In attempting to join all of these moving parts together we are painting a “picture”(positive, negative or unchanged) of a chosen market in the foreseeable future.
It’s a science, but it’s by no means an exact science.
Resisting the temptation to focus solely on current market performance and more on factors likely to influence change enabled Propertyology to forecast a  recovery in capital city property markets following two years of price declines.
It’s why [in 2014] we disagreed with the masses who claimed Brisbane was set to follow in Sydney’s footsteps and boom. And, it’s also how we correctly forecast Perth’s prolonged trough before its downturn occurred .
This current underwhelming performance of seven out of eight capital city markets was anticipated by Propertyology a few years ago .
That’s not to say we are perfect though. For example, in 2016 we released a research report urging investors to be cautious about Melbourne’s property market.
We expressed concern that the loss oftens of thousands of car manufacturing jobs and an all-time record housing supply pipeline might have. Our report stated that ‘…2017 and 2018 look particularly bleak…’ for Melbourne. What we didn’t count on at the time was a huge influx of interstate migrants from Western Australian to Melbourne. Maybe we were overly cautious. Or maybe history will just prove that our forecast was just 12 months ahead of its time (Melbourne’s downturn officially commenced in December 2017).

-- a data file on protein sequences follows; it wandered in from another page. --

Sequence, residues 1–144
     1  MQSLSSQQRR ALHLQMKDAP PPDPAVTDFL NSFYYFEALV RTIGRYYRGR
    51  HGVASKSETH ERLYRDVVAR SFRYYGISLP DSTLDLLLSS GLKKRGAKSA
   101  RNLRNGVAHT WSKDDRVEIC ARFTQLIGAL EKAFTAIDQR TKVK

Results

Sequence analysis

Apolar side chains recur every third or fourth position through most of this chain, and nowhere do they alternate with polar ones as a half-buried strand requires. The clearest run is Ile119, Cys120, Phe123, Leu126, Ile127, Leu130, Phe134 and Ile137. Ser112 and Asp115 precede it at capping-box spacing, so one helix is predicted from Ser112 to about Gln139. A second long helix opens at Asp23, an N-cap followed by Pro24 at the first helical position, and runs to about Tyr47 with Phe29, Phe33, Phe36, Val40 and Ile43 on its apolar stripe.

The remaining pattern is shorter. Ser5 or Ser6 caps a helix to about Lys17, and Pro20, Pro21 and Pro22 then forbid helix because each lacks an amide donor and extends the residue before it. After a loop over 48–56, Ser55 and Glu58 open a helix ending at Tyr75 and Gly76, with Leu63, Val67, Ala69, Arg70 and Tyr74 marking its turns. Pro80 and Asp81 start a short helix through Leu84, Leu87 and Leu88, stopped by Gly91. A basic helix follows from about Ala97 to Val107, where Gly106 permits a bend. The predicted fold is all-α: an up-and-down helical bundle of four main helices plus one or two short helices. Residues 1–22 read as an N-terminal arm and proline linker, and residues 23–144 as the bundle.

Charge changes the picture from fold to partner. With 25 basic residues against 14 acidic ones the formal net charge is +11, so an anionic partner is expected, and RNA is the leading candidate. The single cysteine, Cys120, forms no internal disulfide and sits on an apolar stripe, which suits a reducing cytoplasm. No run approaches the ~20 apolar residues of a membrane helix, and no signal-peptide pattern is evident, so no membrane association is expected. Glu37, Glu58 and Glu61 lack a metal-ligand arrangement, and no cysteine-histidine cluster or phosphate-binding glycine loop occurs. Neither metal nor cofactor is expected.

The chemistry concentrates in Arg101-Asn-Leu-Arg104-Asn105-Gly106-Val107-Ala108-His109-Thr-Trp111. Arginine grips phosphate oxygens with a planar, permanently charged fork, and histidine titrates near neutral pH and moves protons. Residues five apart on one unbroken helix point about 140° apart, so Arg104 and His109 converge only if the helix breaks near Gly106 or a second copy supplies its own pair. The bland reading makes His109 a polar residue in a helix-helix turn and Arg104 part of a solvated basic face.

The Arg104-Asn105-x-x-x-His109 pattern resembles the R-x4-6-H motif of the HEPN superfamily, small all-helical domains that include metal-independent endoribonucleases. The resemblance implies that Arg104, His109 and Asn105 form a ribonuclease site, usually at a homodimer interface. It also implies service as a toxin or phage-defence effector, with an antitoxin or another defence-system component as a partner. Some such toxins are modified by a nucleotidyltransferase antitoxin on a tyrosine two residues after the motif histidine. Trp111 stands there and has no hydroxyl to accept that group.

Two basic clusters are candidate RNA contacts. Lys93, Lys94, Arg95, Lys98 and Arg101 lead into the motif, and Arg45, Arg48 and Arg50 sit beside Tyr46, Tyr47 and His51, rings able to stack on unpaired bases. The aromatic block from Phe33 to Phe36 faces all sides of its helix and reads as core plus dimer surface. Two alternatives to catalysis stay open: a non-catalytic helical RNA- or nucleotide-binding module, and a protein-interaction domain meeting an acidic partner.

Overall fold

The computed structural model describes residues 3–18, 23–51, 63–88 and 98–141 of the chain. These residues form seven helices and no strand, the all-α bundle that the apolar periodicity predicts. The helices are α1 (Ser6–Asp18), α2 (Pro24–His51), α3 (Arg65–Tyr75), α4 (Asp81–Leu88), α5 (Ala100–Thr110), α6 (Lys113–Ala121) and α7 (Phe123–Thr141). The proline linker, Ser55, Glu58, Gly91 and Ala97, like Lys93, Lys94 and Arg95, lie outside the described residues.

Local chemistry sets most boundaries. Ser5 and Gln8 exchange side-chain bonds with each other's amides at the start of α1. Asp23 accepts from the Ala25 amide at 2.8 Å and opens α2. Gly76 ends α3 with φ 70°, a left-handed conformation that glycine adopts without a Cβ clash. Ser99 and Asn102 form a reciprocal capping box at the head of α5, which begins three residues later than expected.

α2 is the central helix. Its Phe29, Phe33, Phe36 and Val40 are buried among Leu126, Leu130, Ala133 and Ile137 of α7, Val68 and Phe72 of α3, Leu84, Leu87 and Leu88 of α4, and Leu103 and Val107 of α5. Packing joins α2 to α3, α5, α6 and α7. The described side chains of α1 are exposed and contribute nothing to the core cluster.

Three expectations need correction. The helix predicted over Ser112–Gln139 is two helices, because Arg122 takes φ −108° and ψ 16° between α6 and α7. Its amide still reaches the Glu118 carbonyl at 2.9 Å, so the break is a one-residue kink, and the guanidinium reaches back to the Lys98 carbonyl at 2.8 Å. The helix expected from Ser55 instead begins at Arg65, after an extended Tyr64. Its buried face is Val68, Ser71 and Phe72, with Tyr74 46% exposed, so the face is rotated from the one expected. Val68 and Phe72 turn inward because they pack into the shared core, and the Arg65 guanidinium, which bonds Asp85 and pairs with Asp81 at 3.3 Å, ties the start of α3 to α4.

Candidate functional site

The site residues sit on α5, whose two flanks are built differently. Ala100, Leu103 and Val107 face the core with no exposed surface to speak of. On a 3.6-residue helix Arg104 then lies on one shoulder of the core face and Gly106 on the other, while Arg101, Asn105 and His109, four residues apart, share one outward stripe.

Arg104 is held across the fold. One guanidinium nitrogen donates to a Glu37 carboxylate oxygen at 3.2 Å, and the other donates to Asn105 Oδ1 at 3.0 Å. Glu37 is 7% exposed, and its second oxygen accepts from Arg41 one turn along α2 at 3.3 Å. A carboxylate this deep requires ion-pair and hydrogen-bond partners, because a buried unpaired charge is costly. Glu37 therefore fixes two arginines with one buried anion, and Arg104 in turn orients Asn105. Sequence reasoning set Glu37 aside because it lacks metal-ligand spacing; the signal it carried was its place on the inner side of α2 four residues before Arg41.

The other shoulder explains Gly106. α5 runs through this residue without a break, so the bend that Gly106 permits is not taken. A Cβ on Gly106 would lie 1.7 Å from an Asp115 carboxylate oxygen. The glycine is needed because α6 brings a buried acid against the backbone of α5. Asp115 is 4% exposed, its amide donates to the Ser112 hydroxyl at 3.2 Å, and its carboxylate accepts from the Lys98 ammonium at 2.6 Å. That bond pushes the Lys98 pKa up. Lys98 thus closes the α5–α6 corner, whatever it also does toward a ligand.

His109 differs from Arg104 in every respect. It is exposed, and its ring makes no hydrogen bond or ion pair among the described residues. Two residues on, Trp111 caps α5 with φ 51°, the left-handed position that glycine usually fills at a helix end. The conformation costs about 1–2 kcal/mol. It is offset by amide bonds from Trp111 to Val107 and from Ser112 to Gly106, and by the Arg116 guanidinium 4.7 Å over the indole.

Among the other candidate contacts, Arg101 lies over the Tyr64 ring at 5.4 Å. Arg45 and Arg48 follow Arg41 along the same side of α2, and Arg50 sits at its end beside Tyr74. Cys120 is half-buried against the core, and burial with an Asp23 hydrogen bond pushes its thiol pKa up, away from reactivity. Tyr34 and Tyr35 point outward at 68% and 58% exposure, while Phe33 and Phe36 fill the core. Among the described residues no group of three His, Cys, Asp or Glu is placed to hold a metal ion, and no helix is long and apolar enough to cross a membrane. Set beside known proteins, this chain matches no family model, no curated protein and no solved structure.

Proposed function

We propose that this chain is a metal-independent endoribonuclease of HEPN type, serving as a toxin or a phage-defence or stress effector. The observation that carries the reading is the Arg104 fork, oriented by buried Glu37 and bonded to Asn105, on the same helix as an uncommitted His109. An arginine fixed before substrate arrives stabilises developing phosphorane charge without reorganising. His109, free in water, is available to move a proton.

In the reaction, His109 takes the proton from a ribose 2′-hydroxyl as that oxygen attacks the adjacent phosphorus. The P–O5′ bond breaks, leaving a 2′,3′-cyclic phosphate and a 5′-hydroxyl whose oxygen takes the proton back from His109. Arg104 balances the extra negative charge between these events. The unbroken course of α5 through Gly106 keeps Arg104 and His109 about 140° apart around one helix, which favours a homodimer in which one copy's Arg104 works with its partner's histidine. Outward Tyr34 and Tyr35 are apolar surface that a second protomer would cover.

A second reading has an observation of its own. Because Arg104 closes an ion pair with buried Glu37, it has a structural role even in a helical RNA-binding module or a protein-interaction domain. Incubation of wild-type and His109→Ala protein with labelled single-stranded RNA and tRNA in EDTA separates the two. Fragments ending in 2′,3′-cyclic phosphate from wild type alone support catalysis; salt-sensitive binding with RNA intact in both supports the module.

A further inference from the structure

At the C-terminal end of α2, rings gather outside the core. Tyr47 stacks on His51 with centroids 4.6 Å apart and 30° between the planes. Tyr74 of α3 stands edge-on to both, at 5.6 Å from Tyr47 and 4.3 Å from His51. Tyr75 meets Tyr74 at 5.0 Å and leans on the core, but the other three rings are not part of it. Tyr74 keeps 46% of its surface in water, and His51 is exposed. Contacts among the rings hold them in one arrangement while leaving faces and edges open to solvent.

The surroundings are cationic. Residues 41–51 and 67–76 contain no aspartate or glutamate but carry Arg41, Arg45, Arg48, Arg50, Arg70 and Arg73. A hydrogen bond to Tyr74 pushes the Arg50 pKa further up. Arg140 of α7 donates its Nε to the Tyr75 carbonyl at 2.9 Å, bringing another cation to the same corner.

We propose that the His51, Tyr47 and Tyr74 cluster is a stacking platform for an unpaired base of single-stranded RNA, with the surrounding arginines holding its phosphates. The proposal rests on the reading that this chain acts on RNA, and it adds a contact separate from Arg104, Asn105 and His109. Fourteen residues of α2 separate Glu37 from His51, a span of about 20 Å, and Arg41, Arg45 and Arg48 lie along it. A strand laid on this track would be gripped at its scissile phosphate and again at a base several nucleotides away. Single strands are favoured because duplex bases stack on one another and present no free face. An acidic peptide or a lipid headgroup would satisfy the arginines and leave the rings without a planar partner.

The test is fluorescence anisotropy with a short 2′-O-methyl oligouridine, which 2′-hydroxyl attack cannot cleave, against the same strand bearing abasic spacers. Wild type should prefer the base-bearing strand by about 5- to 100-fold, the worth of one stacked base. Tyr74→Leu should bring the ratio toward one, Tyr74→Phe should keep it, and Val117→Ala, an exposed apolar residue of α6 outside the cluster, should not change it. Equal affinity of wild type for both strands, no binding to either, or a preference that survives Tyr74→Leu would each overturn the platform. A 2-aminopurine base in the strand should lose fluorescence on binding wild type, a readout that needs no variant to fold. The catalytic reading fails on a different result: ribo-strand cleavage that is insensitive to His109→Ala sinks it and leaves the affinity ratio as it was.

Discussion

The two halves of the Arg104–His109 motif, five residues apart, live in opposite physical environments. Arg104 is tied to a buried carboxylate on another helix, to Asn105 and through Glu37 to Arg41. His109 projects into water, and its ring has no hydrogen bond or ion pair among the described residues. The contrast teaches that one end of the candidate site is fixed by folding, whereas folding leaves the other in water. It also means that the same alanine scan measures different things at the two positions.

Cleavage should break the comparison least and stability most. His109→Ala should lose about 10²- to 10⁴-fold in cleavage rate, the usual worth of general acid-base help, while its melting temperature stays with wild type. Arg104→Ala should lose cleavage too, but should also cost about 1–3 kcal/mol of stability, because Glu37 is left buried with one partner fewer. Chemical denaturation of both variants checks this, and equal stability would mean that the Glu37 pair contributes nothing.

Propertyology’sthirst for joining dots, as opposed to merely adopting the consensus view, is done out of sincere passion for helping everyday Aussies to make informed property investment decisions.
Arguably our proudest legacy of our daily commitment to this process was our ability to forecast Hobart’s property market upswing when [in 2014] absolutely no one else did.
During a post-GFC era when there’s been very few locations throughout Australia where property markets have been strong, the university city of Hobart and newly-found tourism hotspot has emerged from recession to become one of Australia’s strongest economies and officially the nation’s best-performed property market for a couple of years (and counting).
Our motivation for investing significant resources on analysing markets is not about bragging rights or to win a glorified “tipping competition”.
Whereas most, if not all, other market analysts are forecasting markets for general commentary purposes, Propertyology is doing so because we are actively investing – every day – across different parts of Australia!
Propertyology’s skill in being able to correctly join the dots enabled dozens of people to invest in Hobart WELL BEFORE the boom and thereby benefit from 100 per cent of the growth cycle. We stopped investing in Hobart in 2016 and began focusing our attention on several exciting non-capital city markets.
Every day, our multi-award-winning buyers agents now get asked “where’s the next Hobart?”
To learn how Propertyology can help you find the right property, in the right location, at the right price, contact us now.